Suede - Bloodsports

Listening to Blur’s new single “Under the Westway” was an experience dominated by dashed expectations. Practically hovering several inches above the ground in my anticipation to hear a new Blur recording – a NEW BLUR RECORDING – I was smacked down to Earth as the first few dreary bars of a so-and-so ballad filtered through my speakers. Where had all the art-punk fury gone? The subversive, manic lyrics that stomped over gender stereotypes, middle class materialism, bored, kinky housewives and the impracticalities of getting your head shaved by a jumbo jet? It’s not that “Under the Westway” is a bad song, but considering the glittering heights of Blur’s ‘90s output, I’d rather listen to the cries of Noel Gallagher begging the crack dealers up on Kensington Road for his talent back.

Hence, naturally, while I had no problem with Suede cashing in on some well-deserved pop nostalgia with a reunion tour and a repackaged Best Of, the idea of a new album was anathema. But there was also a scintilla of hope.  This wouldn’t be the first time Suede gatecrashed a stagnant scene. Back in 1993 British pop was at an absolute nadir, Nirvana’s sludged-up, punk wailings steamrolling over relics like Duran Duran, so washed up you’d have thought they had just been scooped up from the depths of Lake Burley Griffin. Enter Suede, demimonde sleazers, beautiful wasters, their Smiths-cum-Bowie glam rock providing teeny boppers with an elegant soundtrack to getting high. It was artful, it was clever, and with Brett Anderson’s subversive lyrics about kissing other boys to the popular tunes – and his even more provocative stage trick of slapping his buttocks with the mic – Suede were the touch of Jesus to Brit Pop’s bloated corpse.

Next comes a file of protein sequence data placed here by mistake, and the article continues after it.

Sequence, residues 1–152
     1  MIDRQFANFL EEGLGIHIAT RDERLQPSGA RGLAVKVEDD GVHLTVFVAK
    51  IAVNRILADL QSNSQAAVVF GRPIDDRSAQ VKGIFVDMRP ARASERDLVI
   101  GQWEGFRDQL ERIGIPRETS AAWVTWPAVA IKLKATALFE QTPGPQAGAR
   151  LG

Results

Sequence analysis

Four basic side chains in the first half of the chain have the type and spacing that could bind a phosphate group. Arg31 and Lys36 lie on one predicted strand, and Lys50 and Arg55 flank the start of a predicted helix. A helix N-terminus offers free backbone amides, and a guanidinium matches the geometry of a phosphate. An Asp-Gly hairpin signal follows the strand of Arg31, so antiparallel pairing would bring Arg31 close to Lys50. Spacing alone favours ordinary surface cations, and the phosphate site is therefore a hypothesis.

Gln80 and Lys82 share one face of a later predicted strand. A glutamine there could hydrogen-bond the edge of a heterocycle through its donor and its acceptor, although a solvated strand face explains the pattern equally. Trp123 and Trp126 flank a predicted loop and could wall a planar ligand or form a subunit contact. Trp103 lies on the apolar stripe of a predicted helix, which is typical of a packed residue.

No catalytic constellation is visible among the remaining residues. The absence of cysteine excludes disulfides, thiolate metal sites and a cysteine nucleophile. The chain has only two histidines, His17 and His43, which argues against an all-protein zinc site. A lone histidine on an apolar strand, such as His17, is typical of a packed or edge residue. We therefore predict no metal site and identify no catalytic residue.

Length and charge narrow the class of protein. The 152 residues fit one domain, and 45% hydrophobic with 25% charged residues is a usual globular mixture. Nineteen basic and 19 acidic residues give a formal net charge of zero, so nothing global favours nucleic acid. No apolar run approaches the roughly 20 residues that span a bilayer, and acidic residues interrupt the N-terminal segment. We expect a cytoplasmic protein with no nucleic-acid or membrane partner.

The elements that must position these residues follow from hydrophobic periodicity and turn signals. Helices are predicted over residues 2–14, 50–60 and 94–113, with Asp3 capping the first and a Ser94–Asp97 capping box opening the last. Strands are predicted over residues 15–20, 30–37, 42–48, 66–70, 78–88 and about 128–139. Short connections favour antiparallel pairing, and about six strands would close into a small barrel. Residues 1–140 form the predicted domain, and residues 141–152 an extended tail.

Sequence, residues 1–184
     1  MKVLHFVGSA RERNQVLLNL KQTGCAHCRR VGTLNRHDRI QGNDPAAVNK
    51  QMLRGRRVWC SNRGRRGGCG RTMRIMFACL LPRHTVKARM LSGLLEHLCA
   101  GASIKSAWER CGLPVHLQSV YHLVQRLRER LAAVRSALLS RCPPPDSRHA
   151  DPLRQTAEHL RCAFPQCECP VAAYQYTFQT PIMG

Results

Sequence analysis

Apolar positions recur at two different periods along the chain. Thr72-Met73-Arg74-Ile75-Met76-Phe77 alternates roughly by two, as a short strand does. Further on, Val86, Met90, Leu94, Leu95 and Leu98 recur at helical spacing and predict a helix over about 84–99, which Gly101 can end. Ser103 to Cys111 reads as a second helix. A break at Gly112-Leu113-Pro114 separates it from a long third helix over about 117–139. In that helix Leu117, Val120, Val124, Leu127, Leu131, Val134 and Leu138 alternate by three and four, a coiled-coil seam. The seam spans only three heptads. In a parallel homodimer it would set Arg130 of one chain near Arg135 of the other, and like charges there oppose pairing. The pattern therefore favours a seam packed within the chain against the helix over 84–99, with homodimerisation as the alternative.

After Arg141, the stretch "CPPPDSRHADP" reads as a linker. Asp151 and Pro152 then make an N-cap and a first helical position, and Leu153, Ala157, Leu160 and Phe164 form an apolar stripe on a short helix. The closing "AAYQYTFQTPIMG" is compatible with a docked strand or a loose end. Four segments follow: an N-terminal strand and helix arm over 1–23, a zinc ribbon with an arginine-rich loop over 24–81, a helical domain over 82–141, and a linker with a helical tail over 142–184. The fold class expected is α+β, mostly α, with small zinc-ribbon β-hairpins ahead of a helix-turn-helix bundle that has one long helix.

Pity they were as fucked up as their music. After kicking out his formative songwriting partner and all-round seminal guitarist, Bernard Butler, Brett Anderson slipped into a needle-induced coma and the band quickly feel into stagnation, ousted by the middle-class-brat punk of Blur and the laddish populism of Oasis. But despite all expectations to the contrary and having squandered the noughties with a series of small-scale solo albums, Brett Anderson has reassembled the post-Butler lineup and has released an album that captures all the gloom, dissolution and pop brilliance of those early records. After 11 years in the wilderness, Suede is well and truly back with Bloodsports.

On its own the soaring opener “Barriers” justifies the resurrection. Piercing lines of guitar blur into an anthemic squall as Brett brays out the chorus line.  Follow-up “Snowblind” is just as good, if not better, Suede’s newfound confidence etched into every note of the swelling, bursting melody.  So far, so great, but it’s not until track three, the lead single “It Starts and Ends with You,” that the band show whether they can match their glorious records from the ‘90s? With a rat-a-tat of Simon Gilbert’s drums, Richard Oakes’ guitar explodes into a seasick buzzing, before Brett Anderson’s Byronic croon washes all before him in a swathe of everyday images smashed with all the puritanical glee of a true iconoclast. Obsessive, melodic and with a outro as catchy as syphilis, “It Starts and Ends with You” could have gone head to head with any of Suede’s output in the early years.

Onwards, and while nothing can hope to match the first three tracks, “Sabotage,” “For the Strangers” and “Hit Me” are in themselves a hat trick of great pop gems, stacked with bristling guitars and Brett Anderson’s distinctive mewl, as weird as compulsive to listen to. The whole thing almost sounds too easy, like Suede just found a bunch of old tracks culled from the gothically elegant Dog  Man Star and trashy pop decadence of Coming Up. Alas, it is all too good to be true and the ballads of side two cannot hope to rival the anthemic highs of side one.” What Are You Not Telling Me” is a throwaway, Anderson’s voice as effervescent as the ideas that barely carry it to the halfway mark. But “Always” is a creepy, ghoulish ode to obsession, well worth the listen, and “Sometimes I’ll Just Float Away” is charming enough to pull Suede over the finish line to victory. Forget Blur, forget Oasis, forget aging gracefully. Suede are back to take their rightful place at the top of Brit Pop.